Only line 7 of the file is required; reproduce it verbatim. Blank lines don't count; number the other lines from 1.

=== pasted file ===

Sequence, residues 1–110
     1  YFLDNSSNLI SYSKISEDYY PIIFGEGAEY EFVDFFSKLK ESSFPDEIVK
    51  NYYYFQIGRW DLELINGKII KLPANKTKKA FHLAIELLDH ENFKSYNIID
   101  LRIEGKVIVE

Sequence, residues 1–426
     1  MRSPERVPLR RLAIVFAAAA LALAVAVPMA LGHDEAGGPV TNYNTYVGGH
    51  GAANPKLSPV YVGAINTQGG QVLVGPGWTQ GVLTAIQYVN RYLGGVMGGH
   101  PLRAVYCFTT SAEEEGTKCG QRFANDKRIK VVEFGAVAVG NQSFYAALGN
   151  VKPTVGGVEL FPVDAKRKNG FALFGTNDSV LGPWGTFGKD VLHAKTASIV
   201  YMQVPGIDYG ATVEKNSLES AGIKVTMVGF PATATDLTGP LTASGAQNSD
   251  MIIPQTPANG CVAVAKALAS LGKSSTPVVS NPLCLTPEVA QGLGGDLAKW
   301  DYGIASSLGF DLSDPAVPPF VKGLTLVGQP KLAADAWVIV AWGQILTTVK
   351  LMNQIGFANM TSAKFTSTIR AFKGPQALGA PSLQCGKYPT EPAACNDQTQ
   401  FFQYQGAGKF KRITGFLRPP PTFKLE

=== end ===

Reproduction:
    51  GAANPKLSPV YVGAINTQGG QVLVGPGWTQ GVLTAIQYVN RYLGGVMGGH